When with a telescope or naked eye we can see what early astronomers saw hundred years ago and before them ancestors living in caves, when we can see the same vault full of stars then this is perhaps why the cosmos feels like an old friend, someone to talk to, to look forward to, to hope for, to wait for.
That time of the year has come again, with with the same excitement and sense of awe: the Perseids night. It can make one feel temporarily timeless, the long wait so worthy it, like a favourite trip to enchanting places.
Each of the 4×4 pick-up trucks carry three to four people on a narrow road, very much streeped down to a steep stony path, which leads to the mountain top stage site. On the way up it’s a pleasure to watch the lush vegetation showered in the light of the afternoon sun: ancient oak trees, holmes, cherry and pear trees, huge wild pickle berry plants, and other native spieces create an inviting echo-system, a pristine hall to the massive mountain crown.
By the time the last translation is completed the first ones arrived enjoy a stunning, red sun setting behind the lower mountain tops. The last birds dance their way into the silhouettes of tall and bushy trees, tiny unharmful bugs and ants on a dusty ground are dodging away from big feet moving around in search of the perfect, smooth stone: for that night each one in the audience will have their throne in an open-air theatre that nature has provided and shaped through millenias of changes.
In a perfect still air, welcomed by a still sighting audience… shhh…can you hear something? Of course not, planets and stars make their entrance unseen one moment and shine bright right there the next one, giving the impression that they are there for your eyes only. Venus appears on the horizon: the show may now begin.
The top round stage faces the valleys below, and dressed up for the event it hosts astronomers instrumentation and telescopes. For the special occasion teams of dedicated members share their passion and academic background with curious eyes and minds of three generations who have all gathered in one place for nature’s big show: children and parents, grand-parents and grand-grand parents, each one with their fantasies and stories studied in books, learned from professionals and first-hand experience.
Time lapses into the evening. For the rule that white conceals and black reveals, there it is, in all its majesty and beauty: the sky is now full of stars. Enthusiasm and knowledge glow: the first bright celestial lights are now moving in the sky, a thin tale of cosmic gases along the nadir line. For a moment the thought of the energy taken to reach for the stars, when fireworks or volcanoes firey explotions meet the sky at the zenith, and humankind resolute and keen on designing the future of space exploration, in such moments of reflection there truly is an unequalled magnificence in the sensation of being embraced by a magnanimous force of nature flying from the sky down to earth. An old saying reads that once we are touched by it, some of its force passes on to us and will live in us until the next meeting.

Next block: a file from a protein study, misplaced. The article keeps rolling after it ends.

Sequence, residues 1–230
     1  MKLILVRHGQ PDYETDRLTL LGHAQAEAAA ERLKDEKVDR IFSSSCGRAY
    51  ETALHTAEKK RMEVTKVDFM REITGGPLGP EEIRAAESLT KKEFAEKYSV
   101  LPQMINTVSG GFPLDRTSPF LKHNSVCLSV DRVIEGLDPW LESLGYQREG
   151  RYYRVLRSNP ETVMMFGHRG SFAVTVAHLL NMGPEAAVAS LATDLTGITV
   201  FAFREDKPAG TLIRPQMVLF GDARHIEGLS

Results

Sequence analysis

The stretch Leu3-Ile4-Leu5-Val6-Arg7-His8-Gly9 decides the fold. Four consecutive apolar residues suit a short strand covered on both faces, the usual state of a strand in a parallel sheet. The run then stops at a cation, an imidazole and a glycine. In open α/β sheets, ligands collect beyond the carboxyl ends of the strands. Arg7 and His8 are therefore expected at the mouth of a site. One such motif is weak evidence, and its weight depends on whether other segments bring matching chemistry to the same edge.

To indicate stars and their alignments in the night vault inspiring astronomy enthusiasts point lasers with green and red light: they point at South South-East and draw the direction of a special star that is about to appear. Suddenly the International Space Station is visible above our heads, the six humans living inside it feel closer while flying in from the west, crossing the stars path, and for some induced visual effect they seem to slow down before our eyes. The astronauts’ presence is definitely the highlight of dear images that stay with us until the next time.
Time to set up tables on the natural terrace, and enjoy creativity and skills with ingredients and flavors: funnily enough all around the world, friendship love and life are still associated with music and food and stories.
Eyes in the telescopes programmed and connected to computerized systems and electronic sky charts. The sky is clearer when an expert voice and hand help to see the sites and directions of celestial objects predicting their evolving nature and mutations in deep space. Magically echoing in the air are info gems, enthusiasm and knowledge: even the familiar celestial objects we know from chilhood seem to look clearer and brighter.
Suddenly the environment is one discreet canvas, the sky a favorite large 3d vision screen and, as if transported into another dimension, a new sensation sets in: for some of us it’s meeting the stars that we honor night after night, in a relaxed atmosphere, away from the rest and unseen to the most. Gazing at the stars looking at us is an ancestral experience, they know things about us we are unaware of, yet how humbling and gratifying it is to recognize each others in those moments, like lingering memoires awaiting to be lived again.
Like a well oiled mechanism in a wheel, under the courteous astronomers and astrophysicists’ supervision we move clockwise from one telescope to the other: each of the telescopes has been set to spot a specific part of the night dome. Cluster with millions of stars, Sombrero galaxy with its relatively high brightness magnitude and at a distance of 28 million light-years from Earth, Saturn approximately 746 million miles, the Moon with an avarage distance of 238,855 miles, spinning Spirals, the Milky Way, Mars at 46.8 million miles from Earth on May 2016. Getting to know the sky in simple, easy but memorable ways thanks to inspiring people passionate about space, makes the time rich of new meanings and new things to look forward to.